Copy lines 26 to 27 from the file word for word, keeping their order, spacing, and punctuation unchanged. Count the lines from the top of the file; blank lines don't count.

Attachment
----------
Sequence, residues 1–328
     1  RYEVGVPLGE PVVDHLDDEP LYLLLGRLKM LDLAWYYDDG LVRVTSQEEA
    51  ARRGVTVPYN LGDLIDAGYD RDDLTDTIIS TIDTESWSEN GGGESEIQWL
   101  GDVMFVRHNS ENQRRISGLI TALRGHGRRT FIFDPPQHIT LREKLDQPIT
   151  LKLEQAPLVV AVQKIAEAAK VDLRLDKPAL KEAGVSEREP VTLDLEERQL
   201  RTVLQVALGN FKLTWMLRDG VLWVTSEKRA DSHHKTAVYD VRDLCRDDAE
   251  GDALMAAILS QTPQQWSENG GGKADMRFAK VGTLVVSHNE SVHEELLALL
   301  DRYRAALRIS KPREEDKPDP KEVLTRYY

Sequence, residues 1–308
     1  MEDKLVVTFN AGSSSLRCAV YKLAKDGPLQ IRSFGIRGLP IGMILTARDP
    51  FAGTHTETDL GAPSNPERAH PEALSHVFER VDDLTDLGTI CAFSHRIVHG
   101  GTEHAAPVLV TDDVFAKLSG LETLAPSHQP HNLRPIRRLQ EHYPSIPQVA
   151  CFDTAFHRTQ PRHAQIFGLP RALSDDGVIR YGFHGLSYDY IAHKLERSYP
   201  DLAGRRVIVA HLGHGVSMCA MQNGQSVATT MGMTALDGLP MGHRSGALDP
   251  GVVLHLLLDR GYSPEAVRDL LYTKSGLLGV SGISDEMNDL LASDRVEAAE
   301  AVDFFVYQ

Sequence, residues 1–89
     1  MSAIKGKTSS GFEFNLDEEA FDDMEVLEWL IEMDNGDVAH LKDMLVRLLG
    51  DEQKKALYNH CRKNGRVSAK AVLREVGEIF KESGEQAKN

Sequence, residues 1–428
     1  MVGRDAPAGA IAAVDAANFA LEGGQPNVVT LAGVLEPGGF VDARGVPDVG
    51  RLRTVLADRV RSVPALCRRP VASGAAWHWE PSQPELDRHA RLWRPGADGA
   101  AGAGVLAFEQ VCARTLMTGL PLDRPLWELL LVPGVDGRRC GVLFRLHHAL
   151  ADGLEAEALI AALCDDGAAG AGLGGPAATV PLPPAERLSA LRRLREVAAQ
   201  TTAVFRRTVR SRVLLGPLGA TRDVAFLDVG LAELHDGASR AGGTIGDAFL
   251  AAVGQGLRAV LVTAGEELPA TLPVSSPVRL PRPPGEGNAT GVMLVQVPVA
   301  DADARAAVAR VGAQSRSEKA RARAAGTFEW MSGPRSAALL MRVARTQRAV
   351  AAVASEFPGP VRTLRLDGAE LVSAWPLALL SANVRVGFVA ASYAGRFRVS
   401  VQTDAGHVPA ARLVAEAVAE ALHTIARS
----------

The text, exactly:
   251  AAVGQGLRAV LVTAGEELPA TLPVSSPVRL PRPPGEGNAT GVMLVQVPVA
   301  DADARAAVAR VGAQSRSEKA RARAAGTFEW MSGPRSAALL MRVARTQRAV